Concerto Budapest last gave a concert at the Index in October. On the evening of October 23, we could see and hear the closing concert of the festive, all-day program series prepared for the Hungarian Treasures from the Academy of Music, which was dedicated to the memory of the Hungarian poet of Transylvania, Géza Szőcs, winner of the Concerto Budapest.
Last fall, during the quarantine, it was a media history event where our readers were able to watch three Beethoven concerts in a single day from the Great Hall of the Academy of Music, all live by the minute. Conductor András Keller, violinist and music director of the band, then recommended the concerts with these words:
To be comforted in these terrible times. Whenever we pray that God may survive, and so do our loved ones … then music gives something like nothing else in the world.
The concerts, which will be heard on November 28, 2020, were broadcast in honor of Ludwig van Beethoven, who was born 250 years ago, with the participation of several world-famous musicians. Berthoven Day was dedicated to the memory of Annie Fischer, a legendary Hungarian Beethoven interpreter, at Concerto Budapest.
It was also a moment in the history of the media at the Index, when it broadcast the Concerto Budapest concerts in March this year, when Wolfgang Amadeus Mozart’s hitherto unknown piano piece was performed for the first time in Hungary. The Austrian composer presumably put the double-sided sheet on paper at the age of 17, in early 1773, on his third trip to Italy or shortly after returning home to Salzburg.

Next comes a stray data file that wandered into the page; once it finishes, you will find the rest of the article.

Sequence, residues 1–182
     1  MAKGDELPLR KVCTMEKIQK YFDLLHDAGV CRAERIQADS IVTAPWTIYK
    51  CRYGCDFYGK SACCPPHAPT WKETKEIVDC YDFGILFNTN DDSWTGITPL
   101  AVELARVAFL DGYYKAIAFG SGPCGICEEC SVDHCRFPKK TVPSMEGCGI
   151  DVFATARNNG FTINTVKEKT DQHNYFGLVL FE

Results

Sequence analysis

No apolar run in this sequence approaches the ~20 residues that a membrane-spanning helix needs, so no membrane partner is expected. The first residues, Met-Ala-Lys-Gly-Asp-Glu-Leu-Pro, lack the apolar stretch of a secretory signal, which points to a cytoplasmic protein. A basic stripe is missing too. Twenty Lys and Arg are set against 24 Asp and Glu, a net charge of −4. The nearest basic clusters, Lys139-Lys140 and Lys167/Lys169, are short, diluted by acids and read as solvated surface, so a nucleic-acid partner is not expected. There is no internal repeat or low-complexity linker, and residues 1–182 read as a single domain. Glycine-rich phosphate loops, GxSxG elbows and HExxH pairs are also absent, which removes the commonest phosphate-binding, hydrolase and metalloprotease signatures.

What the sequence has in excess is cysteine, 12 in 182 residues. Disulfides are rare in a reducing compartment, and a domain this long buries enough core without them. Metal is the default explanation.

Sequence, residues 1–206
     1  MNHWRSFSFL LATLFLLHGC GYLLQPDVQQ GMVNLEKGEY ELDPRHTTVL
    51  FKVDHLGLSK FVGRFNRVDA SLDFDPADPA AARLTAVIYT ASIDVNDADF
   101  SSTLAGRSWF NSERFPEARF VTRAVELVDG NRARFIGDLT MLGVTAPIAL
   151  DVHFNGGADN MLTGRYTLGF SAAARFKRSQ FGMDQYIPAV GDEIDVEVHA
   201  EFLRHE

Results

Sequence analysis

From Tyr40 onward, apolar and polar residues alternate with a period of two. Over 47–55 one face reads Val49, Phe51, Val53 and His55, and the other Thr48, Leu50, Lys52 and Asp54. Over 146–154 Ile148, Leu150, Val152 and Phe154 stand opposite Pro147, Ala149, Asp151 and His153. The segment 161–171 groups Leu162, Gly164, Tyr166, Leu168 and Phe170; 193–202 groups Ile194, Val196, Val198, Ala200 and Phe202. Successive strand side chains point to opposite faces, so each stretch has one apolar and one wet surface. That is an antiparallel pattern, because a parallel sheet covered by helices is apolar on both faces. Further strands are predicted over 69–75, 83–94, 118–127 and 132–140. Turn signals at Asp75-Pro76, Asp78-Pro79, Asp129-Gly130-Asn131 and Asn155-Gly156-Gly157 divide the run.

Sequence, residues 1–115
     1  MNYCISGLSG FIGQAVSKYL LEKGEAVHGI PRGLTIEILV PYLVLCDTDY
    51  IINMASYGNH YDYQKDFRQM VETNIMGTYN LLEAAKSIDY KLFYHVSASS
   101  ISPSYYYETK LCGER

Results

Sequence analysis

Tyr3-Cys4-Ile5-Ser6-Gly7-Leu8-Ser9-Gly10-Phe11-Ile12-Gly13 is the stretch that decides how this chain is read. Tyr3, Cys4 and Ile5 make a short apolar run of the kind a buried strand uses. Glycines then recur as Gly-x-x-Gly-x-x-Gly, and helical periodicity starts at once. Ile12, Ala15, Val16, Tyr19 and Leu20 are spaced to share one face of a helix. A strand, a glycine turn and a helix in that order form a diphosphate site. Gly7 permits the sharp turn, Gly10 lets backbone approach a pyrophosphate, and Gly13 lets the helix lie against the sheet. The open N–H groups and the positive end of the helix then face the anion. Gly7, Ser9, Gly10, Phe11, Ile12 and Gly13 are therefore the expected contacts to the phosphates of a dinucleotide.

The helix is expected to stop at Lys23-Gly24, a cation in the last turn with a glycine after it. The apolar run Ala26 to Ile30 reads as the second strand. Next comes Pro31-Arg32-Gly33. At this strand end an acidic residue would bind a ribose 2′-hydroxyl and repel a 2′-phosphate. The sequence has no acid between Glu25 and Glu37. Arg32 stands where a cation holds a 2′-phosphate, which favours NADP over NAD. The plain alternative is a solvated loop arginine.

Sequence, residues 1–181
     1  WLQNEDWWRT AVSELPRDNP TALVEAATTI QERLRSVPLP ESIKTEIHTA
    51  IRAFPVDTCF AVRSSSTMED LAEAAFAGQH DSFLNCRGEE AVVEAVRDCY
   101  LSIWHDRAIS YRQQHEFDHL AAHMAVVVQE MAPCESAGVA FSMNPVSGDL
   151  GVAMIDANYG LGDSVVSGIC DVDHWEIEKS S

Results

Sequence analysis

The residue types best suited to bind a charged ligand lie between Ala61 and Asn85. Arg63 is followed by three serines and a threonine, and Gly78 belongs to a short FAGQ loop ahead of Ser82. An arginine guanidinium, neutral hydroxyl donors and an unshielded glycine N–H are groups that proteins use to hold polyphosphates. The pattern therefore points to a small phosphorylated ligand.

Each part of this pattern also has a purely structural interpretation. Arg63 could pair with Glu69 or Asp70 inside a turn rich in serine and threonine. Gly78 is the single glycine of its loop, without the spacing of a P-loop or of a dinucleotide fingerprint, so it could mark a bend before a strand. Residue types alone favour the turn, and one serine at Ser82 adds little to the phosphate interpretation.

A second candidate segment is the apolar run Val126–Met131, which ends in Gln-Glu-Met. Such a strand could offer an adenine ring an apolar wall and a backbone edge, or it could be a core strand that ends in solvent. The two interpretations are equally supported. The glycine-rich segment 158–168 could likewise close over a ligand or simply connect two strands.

This concert was already in place during the spring restrictions, due to the Covid epidemic, it was probably the last live classical music broadcast in Hungary before Easter. András Keller said to the Index about this concert:
We are in this terrible world of Covid, when we interpret the works of a great composer, we must be able to step out of it and move into a world of paradise, which is the world of Mozart.
One of the highlights of the Mozart Day concert of the Index and the Concerto Budapest was the premiere in Hungary, in which Wolfgang Amadeus Mozart’s recently performed piece in Allegro in D major was performed by pianist Mihály Berecz.
At the end of May, an exciting instrument, the viola, was the focus of the Concerto Budapest charity concert. A Viva La Viola! The readers of the Index could also watch the concerts live from the Budapest Music Center live by the minute.
The band led by András Keller put together their special music program for May 30, because this day is the birthday of Zoltán Kocsis, an excellent conductor who passed away at the age of sixty-four in 2016, and also the day of Hungarian classical music. And since Zoltán Kocsis has been organizing charity concerts every year for more than three decades to help children and the fallen, Concerto Budapest has given its concert to the International Child Rescue Service.